As we transition from discrete to broad genetic tests, where—at least in the near term—there is unclear utility and an increased potential for uncertainty, adequate informed consent will be an important means to limit potential harms.4 In cancer genetics, promoting autonomous decision making among patients is traditionally facilitated through counseling with a genetics or other adequately trained professional both before and after testing.5,6 It has become increasingly recognized that traditional comprehensive models of informed consent, in which specific risks, benefits, and limitations for each gene are described in detail, will not be feasible, applicable, or beneficial to patients as we move to broad genetic testing. “Generic” consent, which includes identifying broad concepts and common-denominator elements indispensible for all patients, has been proposed as an alternative consent strategy for whole-exome sequencing.7 The intent with this strategy is to minimize information overload and the potential related distress while still providing sufficient information for a wide range of patients to make informed decisions regarding testing or receipt of genetic information. In a “tiered” approach to generic consent, “indispensible” tier 1 information is presented to all patients, whereas tier 2 information is provided to patients who desire or need additional detail to make informed decisions. An additional strategy to address the large amount of relevant information with broad testing is organizing information into clinically relevant “bins.”8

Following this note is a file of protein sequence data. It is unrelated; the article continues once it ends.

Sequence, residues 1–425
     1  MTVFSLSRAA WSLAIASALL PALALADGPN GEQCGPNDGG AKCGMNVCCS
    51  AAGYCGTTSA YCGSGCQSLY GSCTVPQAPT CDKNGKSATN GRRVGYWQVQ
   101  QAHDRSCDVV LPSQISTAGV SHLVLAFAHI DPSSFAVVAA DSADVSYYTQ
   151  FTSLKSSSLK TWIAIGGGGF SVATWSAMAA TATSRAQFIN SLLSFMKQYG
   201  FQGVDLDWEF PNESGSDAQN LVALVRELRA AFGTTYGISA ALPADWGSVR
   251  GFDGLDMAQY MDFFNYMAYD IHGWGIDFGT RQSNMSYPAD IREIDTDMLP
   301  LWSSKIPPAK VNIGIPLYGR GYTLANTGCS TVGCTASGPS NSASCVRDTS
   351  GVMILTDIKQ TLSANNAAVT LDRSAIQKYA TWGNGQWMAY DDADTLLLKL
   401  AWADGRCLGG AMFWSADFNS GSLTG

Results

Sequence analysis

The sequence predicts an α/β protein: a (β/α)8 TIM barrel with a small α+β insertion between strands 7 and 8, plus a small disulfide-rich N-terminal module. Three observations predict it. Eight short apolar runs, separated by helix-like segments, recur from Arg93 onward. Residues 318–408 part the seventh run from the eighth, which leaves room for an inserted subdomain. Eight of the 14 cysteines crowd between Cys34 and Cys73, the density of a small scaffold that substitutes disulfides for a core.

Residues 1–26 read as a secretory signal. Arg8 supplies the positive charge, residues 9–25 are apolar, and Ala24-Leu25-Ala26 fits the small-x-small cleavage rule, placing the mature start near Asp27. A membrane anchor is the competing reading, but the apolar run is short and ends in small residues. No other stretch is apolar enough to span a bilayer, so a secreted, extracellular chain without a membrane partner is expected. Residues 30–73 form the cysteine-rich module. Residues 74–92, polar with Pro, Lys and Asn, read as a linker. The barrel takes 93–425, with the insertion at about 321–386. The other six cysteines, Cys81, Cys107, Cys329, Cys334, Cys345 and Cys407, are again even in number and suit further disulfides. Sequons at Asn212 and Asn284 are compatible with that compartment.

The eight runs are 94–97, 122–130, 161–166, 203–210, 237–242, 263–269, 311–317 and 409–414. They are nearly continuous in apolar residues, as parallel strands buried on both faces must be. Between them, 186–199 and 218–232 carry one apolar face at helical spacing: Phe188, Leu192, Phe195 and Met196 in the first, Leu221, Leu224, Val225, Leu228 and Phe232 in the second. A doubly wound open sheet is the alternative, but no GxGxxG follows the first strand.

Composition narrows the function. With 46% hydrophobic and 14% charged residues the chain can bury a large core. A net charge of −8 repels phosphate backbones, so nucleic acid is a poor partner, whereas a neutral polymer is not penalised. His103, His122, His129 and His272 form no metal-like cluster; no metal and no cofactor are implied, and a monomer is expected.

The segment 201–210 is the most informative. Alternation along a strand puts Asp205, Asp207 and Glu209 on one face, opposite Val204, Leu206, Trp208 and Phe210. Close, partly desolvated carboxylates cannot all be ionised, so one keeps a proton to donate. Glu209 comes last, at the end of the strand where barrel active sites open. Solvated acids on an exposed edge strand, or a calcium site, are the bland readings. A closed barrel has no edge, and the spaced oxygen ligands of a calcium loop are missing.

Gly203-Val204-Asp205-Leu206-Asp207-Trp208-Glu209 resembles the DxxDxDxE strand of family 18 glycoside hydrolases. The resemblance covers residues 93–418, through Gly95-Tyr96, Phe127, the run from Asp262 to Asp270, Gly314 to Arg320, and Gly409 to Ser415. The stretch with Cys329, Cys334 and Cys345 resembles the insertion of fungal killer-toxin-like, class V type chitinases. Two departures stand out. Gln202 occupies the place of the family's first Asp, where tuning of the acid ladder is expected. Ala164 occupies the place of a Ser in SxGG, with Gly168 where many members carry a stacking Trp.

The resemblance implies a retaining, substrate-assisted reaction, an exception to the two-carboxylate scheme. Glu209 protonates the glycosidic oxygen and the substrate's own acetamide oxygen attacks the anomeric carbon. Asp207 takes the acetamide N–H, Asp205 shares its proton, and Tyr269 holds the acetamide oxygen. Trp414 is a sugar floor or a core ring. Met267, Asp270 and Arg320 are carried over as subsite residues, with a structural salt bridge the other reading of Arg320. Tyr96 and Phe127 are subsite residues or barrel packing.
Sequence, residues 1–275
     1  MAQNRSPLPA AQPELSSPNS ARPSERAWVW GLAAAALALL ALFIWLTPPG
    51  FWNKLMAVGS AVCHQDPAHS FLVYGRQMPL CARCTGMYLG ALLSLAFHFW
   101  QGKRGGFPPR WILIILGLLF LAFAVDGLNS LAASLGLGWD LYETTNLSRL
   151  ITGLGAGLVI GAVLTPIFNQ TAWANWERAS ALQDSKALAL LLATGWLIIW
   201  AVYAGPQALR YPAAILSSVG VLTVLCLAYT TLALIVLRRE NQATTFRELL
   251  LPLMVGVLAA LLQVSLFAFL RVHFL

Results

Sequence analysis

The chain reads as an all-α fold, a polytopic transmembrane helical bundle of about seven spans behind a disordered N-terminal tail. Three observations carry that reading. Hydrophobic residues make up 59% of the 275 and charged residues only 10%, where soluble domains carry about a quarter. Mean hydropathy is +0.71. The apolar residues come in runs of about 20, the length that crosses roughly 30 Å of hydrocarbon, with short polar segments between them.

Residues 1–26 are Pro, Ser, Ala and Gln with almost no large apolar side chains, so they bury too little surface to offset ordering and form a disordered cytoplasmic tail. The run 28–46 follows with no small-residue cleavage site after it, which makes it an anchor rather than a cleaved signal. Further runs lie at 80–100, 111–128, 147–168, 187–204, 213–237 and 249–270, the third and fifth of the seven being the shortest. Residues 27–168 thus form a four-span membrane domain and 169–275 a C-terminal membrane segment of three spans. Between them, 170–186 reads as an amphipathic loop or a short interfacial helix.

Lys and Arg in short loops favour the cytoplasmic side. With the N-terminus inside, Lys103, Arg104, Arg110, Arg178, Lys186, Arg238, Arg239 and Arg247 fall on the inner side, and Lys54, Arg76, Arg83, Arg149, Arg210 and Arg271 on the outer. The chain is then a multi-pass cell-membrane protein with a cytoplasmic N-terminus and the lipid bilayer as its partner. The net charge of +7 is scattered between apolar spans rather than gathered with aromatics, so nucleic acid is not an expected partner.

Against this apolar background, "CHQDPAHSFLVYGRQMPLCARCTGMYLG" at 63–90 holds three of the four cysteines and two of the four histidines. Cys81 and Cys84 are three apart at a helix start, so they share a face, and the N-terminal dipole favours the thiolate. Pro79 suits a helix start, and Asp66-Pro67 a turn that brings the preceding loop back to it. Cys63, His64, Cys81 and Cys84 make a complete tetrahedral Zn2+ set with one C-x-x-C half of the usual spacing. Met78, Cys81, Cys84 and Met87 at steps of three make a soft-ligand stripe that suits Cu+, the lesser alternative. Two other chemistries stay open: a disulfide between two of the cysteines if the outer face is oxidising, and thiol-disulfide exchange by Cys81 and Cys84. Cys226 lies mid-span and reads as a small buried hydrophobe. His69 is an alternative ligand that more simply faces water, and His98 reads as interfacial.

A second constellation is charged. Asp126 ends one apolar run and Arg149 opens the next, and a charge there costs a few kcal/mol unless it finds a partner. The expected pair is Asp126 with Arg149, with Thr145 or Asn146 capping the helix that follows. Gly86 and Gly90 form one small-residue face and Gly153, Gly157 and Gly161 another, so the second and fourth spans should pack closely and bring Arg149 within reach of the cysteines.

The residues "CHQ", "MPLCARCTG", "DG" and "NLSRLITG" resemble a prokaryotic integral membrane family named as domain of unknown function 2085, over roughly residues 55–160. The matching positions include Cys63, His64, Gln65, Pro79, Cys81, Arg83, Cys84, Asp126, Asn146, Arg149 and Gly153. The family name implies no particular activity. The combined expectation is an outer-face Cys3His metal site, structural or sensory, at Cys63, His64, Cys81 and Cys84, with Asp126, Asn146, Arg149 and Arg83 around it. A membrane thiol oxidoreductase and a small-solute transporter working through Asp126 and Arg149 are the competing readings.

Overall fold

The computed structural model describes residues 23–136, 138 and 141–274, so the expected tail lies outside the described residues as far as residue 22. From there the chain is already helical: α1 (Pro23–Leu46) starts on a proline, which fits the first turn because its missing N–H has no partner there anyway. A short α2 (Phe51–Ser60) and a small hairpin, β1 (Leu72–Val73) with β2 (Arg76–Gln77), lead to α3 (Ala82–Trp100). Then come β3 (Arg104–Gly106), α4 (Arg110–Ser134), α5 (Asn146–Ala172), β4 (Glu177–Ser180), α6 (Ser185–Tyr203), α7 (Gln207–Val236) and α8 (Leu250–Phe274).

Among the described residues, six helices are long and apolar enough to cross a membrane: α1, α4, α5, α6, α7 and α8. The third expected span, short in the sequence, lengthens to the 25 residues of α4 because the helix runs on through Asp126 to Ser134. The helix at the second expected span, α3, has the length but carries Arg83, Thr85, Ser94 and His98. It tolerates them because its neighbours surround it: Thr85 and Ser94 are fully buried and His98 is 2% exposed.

We propose that these approaches can be combined effectively as a new approach to genetic counseling in the era of multiplex genetic testing. This “tiered and binned” approach has the potential to support informed decisions regarding testing among a wide range of patients with varying informational needs, particularly when there is potential for uncertainty. For example, rather than providing gene-specific information (e.g., certainties and uncertainties regarding cancer risks, cancer spectrums, and medical management), several key themes are emphasized (e.g., testing can identify risk for a wide spectrum of cancers, risks may vary from slightly elevated to high, the potential for uncertainty). This approach recognizes that tier 1 elements may not be sufficient for some patients who will need more comprehensive information. Thus, a key component of this approach is providers’ use of knowledge and emotional and information assessments to tailor counseling sessions to an individual patient’s informational needs. Equally important, this approach acknowledges that genetic testing is a choice. Although patients and providers are, in most cases, not able to select particular genes to include in or exclude from a panel, patient and provider preferences will determine which genetic test, if any, to pursue.